Two Evil Eyes (1990)
A retelling of a pair of Edgar Allan Poe stories by two master directors of the horror genre, Two Evil Eyes consists of separate, although thematically related, short films, one by George A. Romero and one by Dario Argento. Either could easily stand on its own.
Both Romero's story choice, "The Case of M. Valdemar," and Argento's, "The Black Cat," were adapted for the silver screen by Roger Corman in his 1962 film, Tales of Terror. Seminal low-budget shocker director Edgar G. Ulmer also lensed an elaborated version of "The Black Cat" in 1934.
Romero's piece is a so-so work in his oeuvre, but Argento's, visuals aside, is as good as anything he's done to date. Both films are interesting in that they reference many other Poe works, from "The Tell-Tale Heart" to "The Pit and The Pendulum." Let's look at them individually:
"The Facts in the Case of M. Valdemar"
Romero's story choice doesn't lend itself as easily to a screen adaptation, so understandably, he embellished Poe's tale of experimenting with "mesmerism" (hypnotism) at the time of death quite a bit. The additions make for a good script, and enable Romero to make a film about greed and karmic retribution (thus making it thematically similar to "The Black Cat"), as well as allowing him to do his zombie thing.
Unfortunately, while the final result is entertaining, it's nowhere near Romero's best work, and plays a bit more like a "made for television" short--something like a good episode of "Tales From the Crypt." The cinematography in this segment is a bit flat, and as a result looks dated far beyond it's actual vintage of 1990.
But the story is intriguing and the small cast is good. Adrienne Barbeau creates much of the tension through the psychological complexities of her character. Ramy Zada, as her secret lover, is just as skilled at making us unsure whether we should trust or distrust him, love him or hate him.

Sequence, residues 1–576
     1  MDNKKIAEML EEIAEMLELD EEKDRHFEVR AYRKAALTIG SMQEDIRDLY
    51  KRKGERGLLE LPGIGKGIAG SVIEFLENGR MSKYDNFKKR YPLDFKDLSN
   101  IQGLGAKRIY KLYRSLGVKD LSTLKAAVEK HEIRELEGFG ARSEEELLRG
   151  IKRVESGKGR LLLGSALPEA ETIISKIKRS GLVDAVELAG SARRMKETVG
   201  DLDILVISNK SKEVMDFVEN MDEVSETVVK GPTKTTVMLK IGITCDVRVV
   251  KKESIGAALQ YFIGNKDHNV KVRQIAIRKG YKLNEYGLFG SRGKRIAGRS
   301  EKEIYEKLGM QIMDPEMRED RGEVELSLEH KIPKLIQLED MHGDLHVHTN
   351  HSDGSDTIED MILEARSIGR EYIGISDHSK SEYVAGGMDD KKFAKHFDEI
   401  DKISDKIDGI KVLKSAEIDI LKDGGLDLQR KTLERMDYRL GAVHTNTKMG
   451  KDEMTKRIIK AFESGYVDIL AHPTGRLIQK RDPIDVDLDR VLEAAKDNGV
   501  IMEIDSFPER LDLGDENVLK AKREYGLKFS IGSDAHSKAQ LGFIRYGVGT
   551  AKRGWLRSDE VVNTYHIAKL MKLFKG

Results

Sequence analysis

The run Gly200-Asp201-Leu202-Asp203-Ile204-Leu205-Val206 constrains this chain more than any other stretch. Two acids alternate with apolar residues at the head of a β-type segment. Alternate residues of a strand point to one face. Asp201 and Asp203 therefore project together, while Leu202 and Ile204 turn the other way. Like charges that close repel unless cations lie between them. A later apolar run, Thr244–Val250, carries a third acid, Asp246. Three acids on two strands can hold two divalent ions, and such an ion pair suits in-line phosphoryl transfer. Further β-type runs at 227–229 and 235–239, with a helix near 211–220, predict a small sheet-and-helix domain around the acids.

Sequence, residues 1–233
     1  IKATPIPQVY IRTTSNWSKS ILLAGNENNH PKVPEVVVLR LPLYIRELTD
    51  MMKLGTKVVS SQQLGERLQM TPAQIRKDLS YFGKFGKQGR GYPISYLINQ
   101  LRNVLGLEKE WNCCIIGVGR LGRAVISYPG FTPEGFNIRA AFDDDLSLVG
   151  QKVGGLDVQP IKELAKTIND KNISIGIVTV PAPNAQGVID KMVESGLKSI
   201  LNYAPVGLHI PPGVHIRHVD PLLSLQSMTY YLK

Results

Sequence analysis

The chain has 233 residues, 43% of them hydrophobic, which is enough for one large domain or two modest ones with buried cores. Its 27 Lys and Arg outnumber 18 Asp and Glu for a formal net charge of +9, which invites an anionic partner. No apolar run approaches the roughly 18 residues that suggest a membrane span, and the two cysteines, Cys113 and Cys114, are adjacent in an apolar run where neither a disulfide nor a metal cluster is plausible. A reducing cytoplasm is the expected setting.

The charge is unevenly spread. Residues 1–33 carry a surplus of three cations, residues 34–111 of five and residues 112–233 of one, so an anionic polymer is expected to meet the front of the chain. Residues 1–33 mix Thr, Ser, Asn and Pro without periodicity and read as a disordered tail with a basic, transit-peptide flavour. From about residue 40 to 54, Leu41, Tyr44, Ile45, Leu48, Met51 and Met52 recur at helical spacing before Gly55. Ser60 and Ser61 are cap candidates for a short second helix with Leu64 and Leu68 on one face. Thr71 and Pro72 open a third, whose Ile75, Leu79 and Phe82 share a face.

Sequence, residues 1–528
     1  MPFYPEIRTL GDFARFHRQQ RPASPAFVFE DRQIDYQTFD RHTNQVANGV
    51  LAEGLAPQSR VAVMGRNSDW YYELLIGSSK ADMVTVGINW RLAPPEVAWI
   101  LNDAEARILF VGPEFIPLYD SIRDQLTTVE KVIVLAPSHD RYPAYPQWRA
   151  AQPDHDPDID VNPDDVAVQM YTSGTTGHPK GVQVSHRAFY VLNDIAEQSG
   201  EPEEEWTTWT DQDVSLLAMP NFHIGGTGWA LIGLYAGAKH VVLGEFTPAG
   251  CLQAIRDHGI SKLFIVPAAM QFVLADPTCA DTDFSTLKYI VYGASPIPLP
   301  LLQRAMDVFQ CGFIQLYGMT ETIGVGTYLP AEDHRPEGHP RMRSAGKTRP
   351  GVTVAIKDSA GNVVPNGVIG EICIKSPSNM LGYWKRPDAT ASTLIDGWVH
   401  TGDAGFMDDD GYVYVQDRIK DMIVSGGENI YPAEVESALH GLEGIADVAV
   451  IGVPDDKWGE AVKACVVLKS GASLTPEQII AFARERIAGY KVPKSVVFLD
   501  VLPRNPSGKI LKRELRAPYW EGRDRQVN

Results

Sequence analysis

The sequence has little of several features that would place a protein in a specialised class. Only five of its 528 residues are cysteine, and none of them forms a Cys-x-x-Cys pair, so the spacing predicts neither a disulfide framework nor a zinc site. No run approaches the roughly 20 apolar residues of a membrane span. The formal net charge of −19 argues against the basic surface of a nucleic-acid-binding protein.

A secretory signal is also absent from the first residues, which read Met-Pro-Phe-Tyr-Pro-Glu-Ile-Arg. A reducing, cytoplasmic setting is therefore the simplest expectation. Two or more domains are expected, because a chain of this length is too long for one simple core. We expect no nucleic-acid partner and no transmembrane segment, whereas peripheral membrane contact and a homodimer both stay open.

"The Facts in the Case of M. Valdemar" is certainly worthwhile viewing, but hardcore Romero fans may enjoy it less than others, since it's almost impossible to not compare it with his other works, including masterpieces like Dawn of the Dead.
"The Black Cat"
Argento's segment, on the other hand, is a masterpiece itself that ranks right up there with his best works like Suspiria. Although I suppose some Argento fans -- those who like him solely because of his use of unusual visuals, gore and lack of linear plotlines -- may disagree with me here, because "The Black Cat" doesn't strongly contain those stereotypical elements.
Instead Argento gives us taut, thrilling story that plays as much like Hitchcock as anyone else. There are still aspects that make "The Black Cat" unmistakably Argento. For instance, he shrouds Annabel's acquirement of the cat in mystery, and Annabel herself looks fit to the one of Argento's witches. Also, her companion, Roderick Usher (Harvey Keitel, in one of his best performances), is a Weegee-like crime scene photographer. But Dario balances his strong directorial flare with a desire to relay a focused story that is pithy and intense.
"The Black Cat" has some similarities to "The Facts in the Case of M. Valdemar" cinematographically, but it looks less dated, and the style suits the subject matter better.
Argento's take is also more enjoyable in its plethora of Poe references-from the characters' names (and the neighbors are the Pym's) to the means of death that Usher's photographic subjects experience. It evidences more of a sense of humor than most of Argento's films.
Even if you weren't a fan of Romero, Argento or Poe, Evil Eyes is almost a must see. If you are a fan, it may be even more worthwhile, for both the unusual work of the directors and the excellence of their abilities to relay Poe.